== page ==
Every December, leaders in many organizations face the task of deciding on a small token of appreciation to give their direct reports for the holidays. Cynics might call it the price we pay for taking another step up the corporate ladder. What gesture can you provide to your team members who have been so darn nice this past year? How about a bottle of wine or a gift card? Of course, anything would be appreciated. But as The Grinch himself discovered, Christmas doesn't have to come from a store. And when it doesn't, it always means a whole lot more.
I remember my first foray into gift-buying for my team after I became a manager with several direct reports. I decided the best way to show my appreciation that year was to give each team member a set of 3 miniature Yankee Candles. Who doesn't love the smell of "Luscious Plum" for the holidays? I left the sets on their desks with a card. But their response, as I recall, was like a Silent Night.
Then one year, my wife and I made cookies for everyone and placed them inside ceramic jars. I decided to include a recipe with each batch. On an index card, I wrote the "recipe" that made each of my direct reports special to me. The "ingredients" were the unique talents each individual contributed to the team. The jars and cookies are long gone, but the index cards became immortal when my team members pinned or taped them inside their work stations. I was onto something.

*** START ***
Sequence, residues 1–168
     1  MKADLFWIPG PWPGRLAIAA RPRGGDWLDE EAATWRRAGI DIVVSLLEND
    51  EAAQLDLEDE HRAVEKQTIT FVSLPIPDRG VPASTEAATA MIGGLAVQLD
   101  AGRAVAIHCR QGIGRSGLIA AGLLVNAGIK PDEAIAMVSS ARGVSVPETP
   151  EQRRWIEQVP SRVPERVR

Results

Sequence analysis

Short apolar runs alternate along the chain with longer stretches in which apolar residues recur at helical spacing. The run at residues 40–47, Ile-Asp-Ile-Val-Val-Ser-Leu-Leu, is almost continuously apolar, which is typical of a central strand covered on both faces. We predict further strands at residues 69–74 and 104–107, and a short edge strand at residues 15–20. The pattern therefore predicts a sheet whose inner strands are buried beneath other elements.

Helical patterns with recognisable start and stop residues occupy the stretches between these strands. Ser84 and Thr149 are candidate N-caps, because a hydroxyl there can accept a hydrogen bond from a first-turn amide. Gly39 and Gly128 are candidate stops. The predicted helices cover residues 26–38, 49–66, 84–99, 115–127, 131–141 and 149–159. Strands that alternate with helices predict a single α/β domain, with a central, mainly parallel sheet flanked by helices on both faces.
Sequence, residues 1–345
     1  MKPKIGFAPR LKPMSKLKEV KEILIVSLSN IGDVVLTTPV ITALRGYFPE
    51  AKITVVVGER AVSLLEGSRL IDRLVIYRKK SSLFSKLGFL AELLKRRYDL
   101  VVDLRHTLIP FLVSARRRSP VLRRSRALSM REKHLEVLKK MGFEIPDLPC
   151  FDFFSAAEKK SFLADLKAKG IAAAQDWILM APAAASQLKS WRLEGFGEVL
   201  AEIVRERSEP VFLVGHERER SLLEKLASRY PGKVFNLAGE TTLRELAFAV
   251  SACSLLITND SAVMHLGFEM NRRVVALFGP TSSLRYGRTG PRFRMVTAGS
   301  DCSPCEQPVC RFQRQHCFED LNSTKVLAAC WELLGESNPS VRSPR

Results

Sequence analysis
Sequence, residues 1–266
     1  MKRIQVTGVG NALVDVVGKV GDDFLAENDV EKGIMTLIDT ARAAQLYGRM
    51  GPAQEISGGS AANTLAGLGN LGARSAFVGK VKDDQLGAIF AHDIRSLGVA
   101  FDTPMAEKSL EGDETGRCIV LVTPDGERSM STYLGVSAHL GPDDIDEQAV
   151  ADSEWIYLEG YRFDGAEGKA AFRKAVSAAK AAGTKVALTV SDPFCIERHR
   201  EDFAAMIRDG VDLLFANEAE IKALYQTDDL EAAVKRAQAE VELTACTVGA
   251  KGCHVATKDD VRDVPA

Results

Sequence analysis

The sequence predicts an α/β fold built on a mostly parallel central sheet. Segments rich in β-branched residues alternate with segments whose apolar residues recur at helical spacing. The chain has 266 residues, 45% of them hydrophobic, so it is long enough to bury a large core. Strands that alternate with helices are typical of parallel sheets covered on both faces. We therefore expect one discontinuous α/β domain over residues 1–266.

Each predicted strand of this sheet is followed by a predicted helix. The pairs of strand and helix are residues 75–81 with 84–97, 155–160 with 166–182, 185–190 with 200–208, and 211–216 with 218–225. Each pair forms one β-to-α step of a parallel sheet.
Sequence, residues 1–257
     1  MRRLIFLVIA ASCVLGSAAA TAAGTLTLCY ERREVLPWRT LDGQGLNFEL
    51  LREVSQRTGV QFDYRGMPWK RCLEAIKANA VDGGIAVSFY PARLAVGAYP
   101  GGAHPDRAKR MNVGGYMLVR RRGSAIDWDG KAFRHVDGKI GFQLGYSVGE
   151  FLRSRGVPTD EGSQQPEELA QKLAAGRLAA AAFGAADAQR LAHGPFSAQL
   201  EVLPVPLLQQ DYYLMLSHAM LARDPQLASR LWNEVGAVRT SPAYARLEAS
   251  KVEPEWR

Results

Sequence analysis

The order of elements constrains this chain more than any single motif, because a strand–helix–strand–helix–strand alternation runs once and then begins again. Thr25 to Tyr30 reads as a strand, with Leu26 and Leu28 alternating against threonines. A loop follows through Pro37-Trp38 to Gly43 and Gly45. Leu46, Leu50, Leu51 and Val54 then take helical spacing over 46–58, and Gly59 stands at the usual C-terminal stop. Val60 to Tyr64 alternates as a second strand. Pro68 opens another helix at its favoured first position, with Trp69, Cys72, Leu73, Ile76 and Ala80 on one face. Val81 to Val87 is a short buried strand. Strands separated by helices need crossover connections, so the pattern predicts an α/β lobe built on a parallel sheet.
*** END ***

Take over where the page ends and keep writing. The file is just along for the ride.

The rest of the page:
The following year, I found famous movie-themed quotes that reminded me of each person. I typed the quotes, added a personal message, printed each one and cut them to fit inside a 4x6 picture frame. Then, I put a bow on them and -- voilà -- another gift destined for office immortality.
Individualization is one of my dominant themes -- it's No. 10 on my list. It pairs well with my Ideation (No. 2) theme when it comes to thoughtful gift-giving. Leaning into my own talents, rather than simply splurging for what topped the list of most popular or most flashy gifts, is what made a real difference for my people. As a manager, my goal in gift-giving was not to impress others; it was to make an intentional gesture of appreciation and create an opportunity to celebrate people -- to help them feel noticed. Whether it's holiday gifts or other interactions with your employees, it always means more when it comes from your authentic self -- your unique talents.
Here is something you can try this year to make your gift-giving meaningful and memorable for employees and/or clients. Go online and buy the lowest-priced Scrabble games you can find. Then, create a crossword on the board that interconnects people's Top 5 strengths, their name and any other words that might be relevant (for example, the name of your company). Paste the letters on the board and present each recipient with their own personalized work of art!
In this way, from Mount Crumpit to Whoville, your talents can bring a whole lot more to your team and your clients this Christmas season and all year 'round.
Dan Donovan's Top 5 CliftonStrengths are Strategic, Ideation, Futuristic, Positivity and Achiever.